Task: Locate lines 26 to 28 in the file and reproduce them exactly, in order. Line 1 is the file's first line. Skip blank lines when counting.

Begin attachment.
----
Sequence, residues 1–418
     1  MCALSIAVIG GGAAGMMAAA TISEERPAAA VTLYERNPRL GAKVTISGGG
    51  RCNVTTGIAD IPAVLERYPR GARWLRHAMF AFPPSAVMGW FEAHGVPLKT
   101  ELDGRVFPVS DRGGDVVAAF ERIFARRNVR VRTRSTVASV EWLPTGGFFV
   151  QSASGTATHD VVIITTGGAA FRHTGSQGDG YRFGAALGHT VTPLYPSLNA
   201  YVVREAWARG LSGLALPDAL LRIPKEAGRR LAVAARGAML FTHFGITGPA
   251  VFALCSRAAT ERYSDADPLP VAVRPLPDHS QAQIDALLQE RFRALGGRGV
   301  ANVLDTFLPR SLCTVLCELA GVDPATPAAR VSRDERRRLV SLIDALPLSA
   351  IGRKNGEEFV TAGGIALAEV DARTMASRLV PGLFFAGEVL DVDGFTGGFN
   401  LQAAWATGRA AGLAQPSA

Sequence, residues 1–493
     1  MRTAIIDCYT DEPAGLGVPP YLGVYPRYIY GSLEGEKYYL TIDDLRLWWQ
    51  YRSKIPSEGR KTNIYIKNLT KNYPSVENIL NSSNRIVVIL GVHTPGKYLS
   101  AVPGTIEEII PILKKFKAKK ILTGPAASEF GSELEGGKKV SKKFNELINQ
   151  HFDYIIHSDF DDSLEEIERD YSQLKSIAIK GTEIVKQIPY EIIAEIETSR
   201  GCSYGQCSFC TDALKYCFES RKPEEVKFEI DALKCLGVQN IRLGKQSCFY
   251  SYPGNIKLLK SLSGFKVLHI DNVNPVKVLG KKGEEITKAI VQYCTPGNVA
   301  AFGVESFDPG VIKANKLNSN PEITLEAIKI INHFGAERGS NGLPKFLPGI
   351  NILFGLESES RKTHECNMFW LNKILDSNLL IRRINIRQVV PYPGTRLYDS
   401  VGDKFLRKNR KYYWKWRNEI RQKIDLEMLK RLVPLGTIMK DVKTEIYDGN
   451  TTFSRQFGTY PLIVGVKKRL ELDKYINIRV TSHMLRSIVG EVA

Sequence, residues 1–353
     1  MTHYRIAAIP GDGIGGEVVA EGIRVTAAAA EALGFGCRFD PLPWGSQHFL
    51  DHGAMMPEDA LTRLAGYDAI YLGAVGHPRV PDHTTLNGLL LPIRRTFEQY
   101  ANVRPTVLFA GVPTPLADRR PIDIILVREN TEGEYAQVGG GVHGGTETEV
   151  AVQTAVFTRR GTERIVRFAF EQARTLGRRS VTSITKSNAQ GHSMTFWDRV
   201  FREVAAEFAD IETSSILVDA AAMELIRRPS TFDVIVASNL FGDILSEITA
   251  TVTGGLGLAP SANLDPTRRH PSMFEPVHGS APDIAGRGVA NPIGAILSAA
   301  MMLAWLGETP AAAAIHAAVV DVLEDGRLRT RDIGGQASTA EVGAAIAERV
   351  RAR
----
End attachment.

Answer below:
   151  AVQTAVFTRR GTERIVRFAF EQARTLGRRS VTSITKSNAQ GHSMTFWDRV
   201  FREVAAEFAD IETSSILVDA AAMELIRRPS TFDVIVASNL FGDILSEITA
   251  TVTGGLGLAP SANLDPTRRH PSMFEPVHGS APDIAGRGVA NPIGAILSAA